“Dealerships can measure cost-per-click, cost-per-sales or cost-per-lead – and anything else in between using search metrics,” Evans says.
Unlike traditional marketing, effective search marketing allows dealerships to track the return of every dollar spent.
“One of the unique things about search is it’s the only form of advertising today that gives tangible results,” says Todd Swickard, president and CEO of Auto Dealer Traffic, an automotive SEM vendor. “Savvy dealers can really take advantage of this and leverage their Web sites to attract not only more quantity, but better quality visitors that result in higher closing rates.”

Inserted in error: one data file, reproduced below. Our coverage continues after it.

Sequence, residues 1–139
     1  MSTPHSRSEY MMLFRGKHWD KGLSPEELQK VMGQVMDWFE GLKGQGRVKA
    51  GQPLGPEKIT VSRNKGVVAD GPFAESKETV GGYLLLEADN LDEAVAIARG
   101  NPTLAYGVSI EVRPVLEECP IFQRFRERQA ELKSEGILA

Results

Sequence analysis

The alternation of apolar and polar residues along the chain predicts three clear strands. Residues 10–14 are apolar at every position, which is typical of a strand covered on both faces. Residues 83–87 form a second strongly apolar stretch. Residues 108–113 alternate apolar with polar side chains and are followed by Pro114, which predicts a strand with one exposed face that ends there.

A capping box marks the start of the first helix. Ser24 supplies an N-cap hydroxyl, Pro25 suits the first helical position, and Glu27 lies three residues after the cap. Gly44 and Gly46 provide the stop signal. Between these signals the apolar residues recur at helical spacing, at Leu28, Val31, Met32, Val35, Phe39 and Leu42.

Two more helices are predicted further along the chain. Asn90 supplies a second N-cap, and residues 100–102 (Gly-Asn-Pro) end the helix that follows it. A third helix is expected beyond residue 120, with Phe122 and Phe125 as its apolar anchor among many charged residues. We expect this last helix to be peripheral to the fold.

In addition to the number of site visitors and leads, SEM metrics can be used to help dealers answer the following questions:
Is my SEM provider doing a good job?
The importance of choosing a reputable, experienced vendor cannot be emphasized enough. It’s not unheard of for some SEM providers to deliver reports that either mask information or present it in a confusing way. “The less information they provide, the less accountable they are for the results,” says Nobles, who encourages dealers to ask questions if they don’t understand something. If a vendor is unresponsive, it could be a bad sign. “Many providers out there have a ‘set it and forget it’ mentality, which - for search marketing - is not a good strategy,” he says. “A good provider will continually monitor, tweak and suggest new strategies to improve results.”